This review identifies subjective decision-making processes related to management accounting (MA) and uses these processes as a basis for organizing psychology-based research on MA. For each decision process we identify families of related psychology models that have supported robust theory-consistent empirical results. This MA literature addresses four main themes. First, individuals' subjective valuation of monetary payoffs often depends on frames (reference points) provided by MA, and frames can influence the use of MA information in decision making. Second, the subjective value of non-monetary (social) payoffs from sources such as fairness, honesty, reciprocity, social identity or affect influence and are influenced by individuals' MA-related decisions. Third, individuals' subjective models of MA-related decisions often incorporate predictable simplifications that influence and are influenced by MA. Fourth, MA can influence — sometimes bias or limit — individuals' learning, and learning influences MA, as individuals acquire parameter and variable values or the information to estimate them subjectively. We also identify two emerging themes and three gaps in the psychologybased MA literature.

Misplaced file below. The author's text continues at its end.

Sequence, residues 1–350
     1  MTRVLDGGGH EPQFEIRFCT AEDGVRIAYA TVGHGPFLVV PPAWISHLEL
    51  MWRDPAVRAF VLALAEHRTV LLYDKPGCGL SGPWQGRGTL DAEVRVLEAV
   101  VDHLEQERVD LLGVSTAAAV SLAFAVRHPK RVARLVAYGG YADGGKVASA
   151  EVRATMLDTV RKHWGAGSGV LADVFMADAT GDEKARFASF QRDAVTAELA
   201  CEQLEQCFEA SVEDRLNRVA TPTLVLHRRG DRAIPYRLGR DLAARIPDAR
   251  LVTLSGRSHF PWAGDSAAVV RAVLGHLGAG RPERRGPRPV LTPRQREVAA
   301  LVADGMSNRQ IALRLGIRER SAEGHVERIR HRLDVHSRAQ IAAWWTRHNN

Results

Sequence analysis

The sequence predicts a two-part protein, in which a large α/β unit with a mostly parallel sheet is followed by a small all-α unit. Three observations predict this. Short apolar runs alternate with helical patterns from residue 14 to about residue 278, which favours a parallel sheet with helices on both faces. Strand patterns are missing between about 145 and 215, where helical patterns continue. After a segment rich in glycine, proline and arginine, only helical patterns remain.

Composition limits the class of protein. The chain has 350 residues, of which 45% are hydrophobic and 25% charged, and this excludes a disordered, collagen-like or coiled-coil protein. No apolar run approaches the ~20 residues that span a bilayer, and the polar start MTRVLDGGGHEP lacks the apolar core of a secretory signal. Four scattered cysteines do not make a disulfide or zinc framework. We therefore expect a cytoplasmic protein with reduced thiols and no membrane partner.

Management accounting (MA) practices support a variety of organizational activities, including the design of incentive contracts, the allocation of resources, and the legitimization of power. Much research has focused on the role of MA in providing information for individuals to solve problems, formulate judgments, and make decisions. Psychology Models of Management Accounting analyzes the contributions of psychology-based research to explaining patterns in individuals' MA-related decision-making.
Psychology Models of Management Accounting reviews in detail the following four main themes: 1. framing and reference points. 2. individuals' valuation of non-monetary (social) payoffs. 3. subjective decision models. 4. limitations on learning. These four themes have been investigated extensively in the MA literature, yielding results that appear robust across specific MA decisions, decision makers, and settings.
In addition, Psychology Models of Management Accounting examines two additional themes that have emerged in this literature as recurring, but not always predicted, observations with important implications for future research – the limited heterogeneity of subjective decision models and whether subjective decisions are deliberative or intuitive (automatic or gut-feel).